May 4th Fishing Report
Dear Fishermen and Friends,
The big news this week is that our saltwater fishing season has begun! On Sunday, Capt Jason Mleczko caught a small striped bass that was loaded with sea lice. He’d put in his time all week hoping to be the first to bend the rod and he earned it. Predictably, the fish was caught on the south shore as the wind laid down. Most people expect these first little fish to be on the North Shore in the warmer water, but that is almost never the case. These first “schoolies” come in waves and are all across the south shore, before the push through to the North Side. We consider schoolies to be smaller or juvenile stripers which are between 12 and 18″. These fish are generally 2-3 years old. Remember, to keep any of the Striped Bass they need to be 28″. We refer to these fish as “keepers.” Target the schoolies with small jigs or metals. They will be right in the wash and are not picky. They are also not heavy, so you can use lightweight line.
The natural question from most people when hearing about the first fish is, was it early or late? Actually, this year, it was right on time. Our first fish are generally a wave of fish that migrate from offshore waters. These fish that are in here now, are not part of the big “migration” that comes up the coast. These are happy smaller fish, that are blazing their own path. They usually show up with a week to go in April as the south shore water temps are in the high 40’s. Many of the old-timers actually time it with the blossoming of the first cherry tree’s. Which again makes these fish right on time. I’ve seen the first fish caught as early as April 11th and as late as May. (last year) Our next bigger wave of fish will show up at the beginning of May, and we should expect to see the first keeper caught around May 5th.
These schoolies will unfortunately only be with us for a week to ten days before moving on and then we’ll likely have a lull, before the bigger mass of fish show up who will be here to stay. Those who put time in over the weekend should be able to get some great numbers. I’ve had April days where I’ve caught 20+ fish in a couple of hours. Once the first wave of fish push on, we’ll see some big bait move through our waters. Next week, look for Mackeral all across the North Shore. Big bass are not with this bait, but it is a fun time to stock up on bait for the season. Also under the Mackeral, for a good two weeks will be Tautog and huge Black Sea Bass (which won’t be in season yet).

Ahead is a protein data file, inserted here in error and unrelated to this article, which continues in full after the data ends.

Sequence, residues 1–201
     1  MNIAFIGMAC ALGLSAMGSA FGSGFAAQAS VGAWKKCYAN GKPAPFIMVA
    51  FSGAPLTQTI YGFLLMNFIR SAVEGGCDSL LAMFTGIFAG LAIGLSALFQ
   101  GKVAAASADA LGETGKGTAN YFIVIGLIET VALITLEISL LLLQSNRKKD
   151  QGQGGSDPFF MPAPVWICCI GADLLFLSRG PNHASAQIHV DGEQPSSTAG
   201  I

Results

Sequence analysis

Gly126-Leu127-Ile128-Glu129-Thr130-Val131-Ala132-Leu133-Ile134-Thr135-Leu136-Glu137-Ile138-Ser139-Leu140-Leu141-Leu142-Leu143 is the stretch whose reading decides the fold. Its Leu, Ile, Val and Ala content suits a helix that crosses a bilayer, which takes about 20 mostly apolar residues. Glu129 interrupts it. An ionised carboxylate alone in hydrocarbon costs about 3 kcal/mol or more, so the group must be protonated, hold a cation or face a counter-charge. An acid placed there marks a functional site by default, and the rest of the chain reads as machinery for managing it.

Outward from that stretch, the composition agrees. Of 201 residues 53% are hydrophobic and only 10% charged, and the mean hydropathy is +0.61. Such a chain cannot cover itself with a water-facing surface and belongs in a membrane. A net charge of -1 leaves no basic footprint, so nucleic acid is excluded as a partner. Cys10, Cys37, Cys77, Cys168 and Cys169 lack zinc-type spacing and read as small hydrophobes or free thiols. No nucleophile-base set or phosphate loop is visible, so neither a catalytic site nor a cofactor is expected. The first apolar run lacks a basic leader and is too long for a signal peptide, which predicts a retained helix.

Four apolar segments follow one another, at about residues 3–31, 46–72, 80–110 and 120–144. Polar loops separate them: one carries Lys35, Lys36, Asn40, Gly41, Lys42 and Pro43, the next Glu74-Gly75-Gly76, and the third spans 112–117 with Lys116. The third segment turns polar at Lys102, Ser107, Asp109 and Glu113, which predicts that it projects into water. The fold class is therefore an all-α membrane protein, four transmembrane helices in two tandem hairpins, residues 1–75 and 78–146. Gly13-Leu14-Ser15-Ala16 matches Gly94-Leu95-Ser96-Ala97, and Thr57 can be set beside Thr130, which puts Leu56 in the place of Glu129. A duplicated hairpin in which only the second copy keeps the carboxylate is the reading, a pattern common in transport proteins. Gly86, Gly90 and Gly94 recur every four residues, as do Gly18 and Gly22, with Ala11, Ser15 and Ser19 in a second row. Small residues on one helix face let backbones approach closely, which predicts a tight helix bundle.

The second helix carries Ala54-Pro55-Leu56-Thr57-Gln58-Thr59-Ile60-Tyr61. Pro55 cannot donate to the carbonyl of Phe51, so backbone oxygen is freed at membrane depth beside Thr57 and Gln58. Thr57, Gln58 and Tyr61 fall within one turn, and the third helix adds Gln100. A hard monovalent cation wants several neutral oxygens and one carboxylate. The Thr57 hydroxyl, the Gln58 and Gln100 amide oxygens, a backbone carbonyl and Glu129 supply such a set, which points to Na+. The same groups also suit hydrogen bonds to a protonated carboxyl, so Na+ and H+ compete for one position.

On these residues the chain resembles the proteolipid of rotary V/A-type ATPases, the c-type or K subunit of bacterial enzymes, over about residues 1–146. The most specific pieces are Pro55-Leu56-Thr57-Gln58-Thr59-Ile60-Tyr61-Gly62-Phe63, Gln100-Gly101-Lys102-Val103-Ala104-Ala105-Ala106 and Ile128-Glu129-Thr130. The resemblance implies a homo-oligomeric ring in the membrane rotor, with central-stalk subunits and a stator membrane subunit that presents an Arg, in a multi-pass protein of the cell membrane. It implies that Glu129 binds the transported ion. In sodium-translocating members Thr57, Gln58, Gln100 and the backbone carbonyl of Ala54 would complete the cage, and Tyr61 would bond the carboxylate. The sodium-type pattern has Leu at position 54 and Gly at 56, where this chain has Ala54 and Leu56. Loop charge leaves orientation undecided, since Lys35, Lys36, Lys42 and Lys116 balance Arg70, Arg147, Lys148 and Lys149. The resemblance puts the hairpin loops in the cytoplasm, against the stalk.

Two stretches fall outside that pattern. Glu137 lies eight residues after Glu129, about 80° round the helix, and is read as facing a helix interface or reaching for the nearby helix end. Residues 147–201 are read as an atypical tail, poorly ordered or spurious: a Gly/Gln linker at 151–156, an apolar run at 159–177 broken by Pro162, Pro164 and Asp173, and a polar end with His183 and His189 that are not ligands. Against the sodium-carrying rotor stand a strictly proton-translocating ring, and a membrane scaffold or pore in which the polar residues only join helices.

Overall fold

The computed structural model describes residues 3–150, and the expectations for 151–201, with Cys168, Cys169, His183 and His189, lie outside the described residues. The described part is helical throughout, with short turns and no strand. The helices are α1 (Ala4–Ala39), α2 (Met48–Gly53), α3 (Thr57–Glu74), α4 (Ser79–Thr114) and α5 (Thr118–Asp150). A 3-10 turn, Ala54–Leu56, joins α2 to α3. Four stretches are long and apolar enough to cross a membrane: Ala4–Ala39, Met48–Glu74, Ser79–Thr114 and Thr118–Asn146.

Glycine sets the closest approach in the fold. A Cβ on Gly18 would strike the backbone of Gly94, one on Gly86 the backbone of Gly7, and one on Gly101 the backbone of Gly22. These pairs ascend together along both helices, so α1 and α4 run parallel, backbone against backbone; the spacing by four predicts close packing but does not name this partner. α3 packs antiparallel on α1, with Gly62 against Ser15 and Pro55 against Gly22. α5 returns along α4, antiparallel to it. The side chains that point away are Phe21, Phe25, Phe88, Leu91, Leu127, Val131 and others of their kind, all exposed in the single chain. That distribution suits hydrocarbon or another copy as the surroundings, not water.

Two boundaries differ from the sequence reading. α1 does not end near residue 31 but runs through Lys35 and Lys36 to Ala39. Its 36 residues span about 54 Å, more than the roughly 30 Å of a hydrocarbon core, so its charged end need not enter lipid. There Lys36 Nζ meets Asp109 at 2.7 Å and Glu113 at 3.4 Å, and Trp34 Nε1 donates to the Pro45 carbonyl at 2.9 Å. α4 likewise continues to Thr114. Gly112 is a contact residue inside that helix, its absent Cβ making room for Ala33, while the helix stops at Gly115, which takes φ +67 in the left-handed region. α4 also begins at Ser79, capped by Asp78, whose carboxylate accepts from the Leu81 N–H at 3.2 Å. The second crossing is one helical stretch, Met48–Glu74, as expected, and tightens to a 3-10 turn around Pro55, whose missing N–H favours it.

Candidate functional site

Something fun for all ages is our early season tournament run by a great friend of the shop. The Spring Sea Run opener is a tournament that runs through May and is focused on early striped bass fishing. There are awards for the largest and smallest fish and points for all fish caught. The best part is that all proceeds go to local charities. Please sign up, even if you are only fishing for a day here. This tournament brings awareness to our fishery and supports local organizations.
So, while most people will be excited about the start of Striper Season, our most seasoned anglers will still be focused on the ponds. You see, it’s fun to do something new with the bass, but in reality our pond fishing is about as good as it gets right now. These sixty degree days are awesome to get the smaller fish really happy and we are seeing pond temps shoot up daily.
I still cannot understand why more people don’t embrace this fishery. You can take a child out and catch more fish than they can count, or you can quietly go out and stock fish on your own and challenge yourself with different line weights. This past weekend Boden Pickman, a 4 year old, caught a 2lb pickerel on his own, with his dad. That’s not a day either of them will forget. On the same day, another old friend called an old me that he caught the biggest white perch of his life. It’s awesome when a pastime can ignite the same flame in a 4-year old that it can in a 50 year old. Maybe that’s why were are all so passionate about it!
So whether you want to go chase some of the first stripers, go pond fishing or go target mackerel in our inshore waters, just go enjoy the fact that we can be outside with family and friends and that our fishing season is officially underway!
Capt. Cam Gammill
Capt. Corey Gammill
Capt. Nat Reeder
Dr. Mike Ruby
May 5, 2017|